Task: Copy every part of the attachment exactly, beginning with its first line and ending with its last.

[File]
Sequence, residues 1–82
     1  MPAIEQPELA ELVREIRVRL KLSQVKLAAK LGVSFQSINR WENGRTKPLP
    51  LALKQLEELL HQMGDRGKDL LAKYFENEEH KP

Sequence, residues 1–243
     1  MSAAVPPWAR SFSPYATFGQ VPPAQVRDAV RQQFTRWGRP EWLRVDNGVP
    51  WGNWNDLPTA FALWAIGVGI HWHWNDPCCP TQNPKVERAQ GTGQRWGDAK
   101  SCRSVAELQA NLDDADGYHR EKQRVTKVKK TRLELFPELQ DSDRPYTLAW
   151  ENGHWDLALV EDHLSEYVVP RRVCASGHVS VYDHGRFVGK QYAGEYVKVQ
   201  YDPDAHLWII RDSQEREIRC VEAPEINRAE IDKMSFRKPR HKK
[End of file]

Sequence, residues 1–82
     1  MPAIEQPELA ELVREIRVRL KLSQVKLAAK LGVSFQSINR WENGRTKPLP
    51  LALKQLEELL HQMGDRGKDL LAKYFENEEH KP

Sequence, residues 1–243
     1  MSAAVPPWAR SFSPYATFGQ VPPAQVRDAV RQQFTRWGRP EWLRVDNGVP
    51  WGNWNDLPTA FALWAIGVGI HWHWNDPCCP TQNPKVERAQ GTGQRWGDAK
   101  SCRSVAELQA NLDDADGYHR EKQRVTKVKK TRLELFPELQ DSDRPYTLAW
   151  ENGHWDLALV EDHLSEYVVP RRVCASGHVS VYDHGRFVGK QYAGEYVKVQ
   201  YDPDAHLWII RDSQEREIRC VEAPEINRAE IDKMSFRKPR HKK